Mother, Her 'Hope,' Find Peace

December 18, 1993|By Ed Brandt | Ed Brandt,Staff Writer

It was Christmas Eve, 1973. Dee Ostrosky was 17 and an unwed mother when a nun and a social worker came to take her baby girl away for adoption in the first week of her life.

"They dressed her in a pink snowsuit," Mrs. Ostrosky recalled. "Then they said to me, 'Say goodbye. We have to leave. It's snowing.' "

The chill in Mrs. Ostrosky's heart lasted for 20 years.

Her personal purgatory ended the day after Thanksgiving this year when she was reunited with her daughter, Katie Rader, in Allentown, Pa. There was a long trail of tears in between.

"I didn't deal well with it," Mrs. Ostrosky said. "It got harder every year. I fell into a deep depression at Christmas. I wept the entire month of December. There wasn't a day when I didn't think about her."

Yesterday, Mrs. Ostrosky and her daughter were full of smiles and secret glances at the Gloria Brennan Salon in Pikesville, where Mrs. Ostrosky was treating her daughter to a "Full Day of Beauty," a head-to-toe present for her 20th birthday.

Mrs. Ostrosky now operates a medical billing business in the Philadelphia suburb of Bryn Mawr with her husband, Lee. She has two teen-age children and a stepson.

Katie lives in Glen Burnie with her adoptive parents, who moved from the Allentown area while she was in high school. She graduated from Old Mill High School in Millersville in 1991 and is now a secretary at the National Security Agency at Fort Meade. She is engaged to be married.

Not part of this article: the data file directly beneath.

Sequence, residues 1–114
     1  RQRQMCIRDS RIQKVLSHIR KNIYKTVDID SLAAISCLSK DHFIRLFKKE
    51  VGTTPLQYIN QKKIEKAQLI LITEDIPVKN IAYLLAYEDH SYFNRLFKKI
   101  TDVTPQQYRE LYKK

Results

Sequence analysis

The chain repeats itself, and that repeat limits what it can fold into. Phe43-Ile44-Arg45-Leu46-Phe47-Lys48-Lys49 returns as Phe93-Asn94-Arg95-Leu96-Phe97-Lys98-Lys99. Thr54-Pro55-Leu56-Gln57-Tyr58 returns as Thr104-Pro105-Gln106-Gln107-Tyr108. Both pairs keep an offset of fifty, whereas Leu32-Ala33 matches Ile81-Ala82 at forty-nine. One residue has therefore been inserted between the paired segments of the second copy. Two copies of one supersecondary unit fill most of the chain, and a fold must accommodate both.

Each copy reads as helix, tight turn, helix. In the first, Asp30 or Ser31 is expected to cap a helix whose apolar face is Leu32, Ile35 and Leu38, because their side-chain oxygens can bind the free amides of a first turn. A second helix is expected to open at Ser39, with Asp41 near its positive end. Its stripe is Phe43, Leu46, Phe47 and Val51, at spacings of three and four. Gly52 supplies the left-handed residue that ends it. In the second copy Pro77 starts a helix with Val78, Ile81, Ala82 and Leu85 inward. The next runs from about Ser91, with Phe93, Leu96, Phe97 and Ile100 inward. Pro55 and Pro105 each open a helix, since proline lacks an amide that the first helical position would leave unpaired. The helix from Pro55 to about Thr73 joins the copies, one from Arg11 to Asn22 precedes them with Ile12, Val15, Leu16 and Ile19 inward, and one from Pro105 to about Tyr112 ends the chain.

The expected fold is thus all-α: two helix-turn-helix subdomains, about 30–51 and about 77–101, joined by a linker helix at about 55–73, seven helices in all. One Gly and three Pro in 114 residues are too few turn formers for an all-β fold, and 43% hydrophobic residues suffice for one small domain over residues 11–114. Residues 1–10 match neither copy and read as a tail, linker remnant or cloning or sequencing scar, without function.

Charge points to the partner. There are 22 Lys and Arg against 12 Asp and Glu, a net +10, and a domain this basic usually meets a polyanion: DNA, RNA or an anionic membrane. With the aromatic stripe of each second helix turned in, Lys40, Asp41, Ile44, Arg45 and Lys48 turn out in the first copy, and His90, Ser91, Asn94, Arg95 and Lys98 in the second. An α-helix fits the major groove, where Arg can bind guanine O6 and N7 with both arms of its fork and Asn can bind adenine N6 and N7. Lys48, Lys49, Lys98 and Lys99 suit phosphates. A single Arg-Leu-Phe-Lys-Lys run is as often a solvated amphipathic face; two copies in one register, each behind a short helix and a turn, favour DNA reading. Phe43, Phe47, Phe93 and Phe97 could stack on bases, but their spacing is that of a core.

Mrs. Ostrosky gave birth to Katie at the Catholic Children's and Maternity Hospital near Scranton. She was a senior in high school.

"She had a cute, round face and piercing blue eyes," Mrs. Ostrosky recalled. "She was a calm baby, and I had an empty feeling when they took her away. I had named her Hope. She was baptized with that name, but her parents changed it."

Katie's eyes are now a warm brown, like her mother's.

Mrs. Ostrosky's parents made the decision to put Katie up for adoption.

"They're not horrid people. They did what they thought was right at the time," she said. "I was just a kid. I was against it, but I went along. I have no hard feelings toward them now."

Mrs. Ostrosky graduated from high school, married at 19, and had two children. The marriage broke up when she was 25 years old, and she was a single mother for more than 8 years.

"I was a typical single mother," she said. "I worked at two or three jobs, raised my children, and was very happy. Then I married again, and my husband knew right from the beginning about Katie."

About 10 years ago, Mrs. Ostrosky wrote Catholic Social Services and said she wanted to find her daughter.

"They called and said that I had no legal rights, but to write them a letter and they would put it in my file in case my daughter wanted to find me," she said.

It happened.

Earlier this year, Katie decided she wanted to meet her mother, and called Catholic Social Services in Allentown.

"My parents told me a long time ago that I was adopted," Katie said. "I didn't want to intrude on my mother's life, but I was curious and I learned from my parents how I had come to them."

The agency searched the files, found Mrs. Ostrosky's letter, then called Katie's parents, who agreed that they should meet.

"I want to say that we were very lucky with her parents," Mrs. Ostrosky said. "I can never thank them enough for being loving, supportive people. They were all for this."

An agency representative got a phone number through Mrs. Ostrosky's parents.

Mrs. Ostrosky was in her office when the call came.

"The woman said, 'There's no easy way to say this, but your daughter wants to meet you,' " Mrs. Ostrosky said. "I could not speak. I finally choked out a 'Yes.' "

They met for more than two hours at the agency office in Allentown.

"There was a lot of crying, hugging and staring," Mrs. Ostrosky said. "It made me feel at peace."

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